Category Archives: Online

Inter-observer variability on the value of endoscopic images for the documentation of upper gastrointestinal endoscopy – our center experience

DOI: 10.2478/amma-2023-0015

Objective: Endoscopy is an essential and invaluable diagnostic tool in the arsenal of every gastroenterologist. ESGE presented additional guidelines for standardized image documentation in upper and lower gastrointestinal endoscopy. Clinical disagreement is a common challenge in most, if not all, fields of medicine. Settling disagreements is important so as to find ways to minimize it. Clinical disagreement in gastroscopy may be demonstrated by studying the observer variability.
Methods: We retrospectively recruited 120 random patients that underwent conventional upper gastrointestinal endoscopy between 2021-2022 in our Department of Gastroenterology, all of them performed by one endoscopist. As part of the study, all video-endoscopic recordings were stored using one internal server. In order to study interobserver variability, four physicians (endoscopists and gastroenterologist specialists) were invited to complete the questionnaire.
Results: The interobserver variability in our study ranged from moderate to very good in the assessment of the esophagus, with the highest degree of agreement in response to questions concerning characteristic findings such as normal mucosa, esophagitis Class A Los Angeles, hiatal hernia for the esophagus endoscopic evaluation, benign ulcer niche in gastric antrum, normal gastric corpus mucosa, intestinal metaplasia and angiodysplasia in gastric corpus. The question on atrophic mucosa in the first and second part of the duodenum was the most difficult to agree upon.
Conclusion: The present study found that the variability between observers in the assessment of images obtained from patients that underwent conventional upper gastrointestinal endoscopy in our center was acceptably good.

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Should we screen for sarcopenia in Romanian patients with osteoporosis? An overview of the current knowledge on osteosarcopenia

DOI: 10.2478/amma-2023-0014

The combination of osteoporosis and sarcopenia is wider known as “osteosarcopenia”, and it is considered to be a “hazardous duet” for the patient. The clinical consequences of this geriatric syndrome include a higher risk of fractures and mortality compared to osteoporosis or sarcopenia alone. Fractures are considered to be a burden for the patient but also for the health care system from an economic point of view, therefore it is important to prevent them. Emerging evidence shows that osteosarcopenia is an increasingly prevalent disease. The Fracture Risk Assessment Tool (FRAX) is of major importance for the management of a patient, however, muscle weakness is not part of this instrument. It has been suggested to go “beyond the FRAX” and to evaluate muscle mass/strength besides bone mineral density when it comes to the management of a patient with a sustained fragility fracture. In this review we try to answer whether this is feasible or not when it comes to Romanian patients.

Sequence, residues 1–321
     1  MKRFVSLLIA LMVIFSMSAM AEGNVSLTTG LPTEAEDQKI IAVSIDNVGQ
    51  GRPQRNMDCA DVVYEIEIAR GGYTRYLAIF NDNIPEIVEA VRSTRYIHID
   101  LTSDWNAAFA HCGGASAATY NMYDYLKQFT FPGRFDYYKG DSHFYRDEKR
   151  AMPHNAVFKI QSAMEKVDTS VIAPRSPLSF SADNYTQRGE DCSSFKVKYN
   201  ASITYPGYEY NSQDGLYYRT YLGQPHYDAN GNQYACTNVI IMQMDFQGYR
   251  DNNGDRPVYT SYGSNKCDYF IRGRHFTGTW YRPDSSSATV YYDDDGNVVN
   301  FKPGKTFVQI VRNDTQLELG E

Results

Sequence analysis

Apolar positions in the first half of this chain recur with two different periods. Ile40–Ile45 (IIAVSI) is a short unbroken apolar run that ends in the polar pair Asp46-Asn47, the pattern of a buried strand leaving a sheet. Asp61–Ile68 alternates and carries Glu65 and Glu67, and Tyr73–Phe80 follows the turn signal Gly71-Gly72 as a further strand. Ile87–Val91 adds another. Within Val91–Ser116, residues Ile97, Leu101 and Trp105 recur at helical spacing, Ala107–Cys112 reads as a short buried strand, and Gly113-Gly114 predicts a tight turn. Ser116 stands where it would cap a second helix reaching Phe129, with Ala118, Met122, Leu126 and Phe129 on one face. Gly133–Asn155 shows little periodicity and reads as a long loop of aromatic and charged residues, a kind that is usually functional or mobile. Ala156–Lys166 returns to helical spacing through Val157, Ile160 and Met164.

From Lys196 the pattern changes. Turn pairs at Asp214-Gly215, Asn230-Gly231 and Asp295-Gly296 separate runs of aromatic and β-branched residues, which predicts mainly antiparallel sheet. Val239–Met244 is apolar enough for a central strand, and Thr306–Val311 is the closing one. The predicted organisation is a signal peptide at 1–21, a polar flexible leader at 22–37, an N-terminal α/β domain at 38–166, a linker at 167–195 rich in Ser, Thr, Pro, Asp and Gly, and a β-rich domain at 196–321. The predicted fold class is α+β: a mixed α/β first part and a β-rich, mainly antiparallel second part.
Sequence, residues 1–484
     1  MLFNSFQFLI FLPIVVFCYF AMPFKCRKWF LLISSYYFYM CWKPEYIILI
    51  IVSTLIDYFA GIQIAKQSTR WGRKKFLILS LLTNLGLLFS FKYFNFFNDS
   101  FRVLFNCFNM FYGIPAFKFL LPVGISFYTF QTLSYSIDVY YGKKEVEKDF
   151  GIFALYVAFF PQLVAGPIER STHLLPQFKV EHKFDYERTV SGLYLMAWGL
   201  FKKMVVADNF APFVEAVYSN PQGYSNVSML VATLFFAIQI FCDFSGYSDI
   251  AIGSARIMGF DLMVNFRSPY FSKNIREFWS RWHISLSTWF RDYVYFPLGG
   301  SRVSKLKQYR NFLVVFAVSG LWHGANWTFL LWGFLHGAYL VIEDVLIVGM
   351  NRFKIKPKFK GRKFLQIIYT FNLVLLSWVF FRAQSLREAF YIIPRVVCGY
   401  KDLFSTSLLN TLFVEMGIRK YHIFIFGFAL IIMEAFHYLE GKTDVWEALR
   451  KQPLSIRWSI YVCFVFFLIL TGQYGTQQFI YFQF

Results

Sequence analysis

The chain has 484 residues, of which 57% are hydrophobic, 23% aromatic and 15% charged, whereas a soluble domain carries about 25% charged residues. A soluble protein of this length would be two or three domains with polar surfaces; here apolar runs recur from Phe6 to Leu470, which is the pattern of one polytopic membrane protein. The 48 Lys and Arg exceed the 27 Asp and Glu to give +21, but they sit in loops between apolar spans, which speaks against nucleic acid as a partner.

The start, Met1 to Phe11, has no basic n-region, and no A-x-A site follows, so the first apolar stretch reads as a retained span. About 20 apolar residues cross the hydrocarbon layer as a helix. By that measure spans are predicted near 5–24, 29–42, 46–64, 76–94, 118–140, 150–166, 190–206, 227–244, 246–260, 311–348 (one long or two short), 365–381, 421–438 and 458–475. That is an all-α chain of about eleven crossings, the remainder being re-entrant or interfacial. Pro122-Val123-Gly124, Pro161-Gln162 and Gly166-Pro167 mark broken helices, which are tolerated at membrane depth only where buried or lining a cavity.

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Prevalence of human Papillomavirus associated oropharyngeal and oral squamous cell carcinoma in Asian countries: A systematic review and large-scale meta-analysis

DOI: 10.2478/amma-2023-0005

Human Papillomavirus (HPV) associated with oropharyngeal and oral squamous cell carcinoma (OPSCC and OSCC) is escalating over the years. Hence, the present review aims to determine the prevalence of HPV-OSCC and HPV-OPSCC in Asian countries over the last decades. An electronic search was conducted using nine online databases to identify English-language articles on the prevalence of HPV-OPSCC and HPV-OSCC in Asian countries from January 2011 to June 2022. The risk of bias was assessed using the JBI critical appraisal checklist and the level of evidence was determined based on the OCEBM guideline. Single-arm meta-analysis was used to estimate the weighted mean prevalence of HPV-OPSCC and HPV-OSCC among patients in Asia. Subgroup analysis meta-regression and Egger’s tests were also conducted. 59 eligible studies were included with a higher prevalence of HPV-OPSCC (32.6%-37.4%) as compared to HPV-OSCC (10.9%-23.5%). Subgroup analysis revealed that the weighted mean prevalence of HPV-OPSCC was significantly higher (P<0.001) among East Asians, while the weighted mean prevalence of HPV-OSCC was significantly higher (P<0.001) among South Asians. All studies showed a low to moderate risk of bias with the level of evidence ranked between 2 and 3. The diagnostic tools utilised and geographical locations significantly affect the findings.

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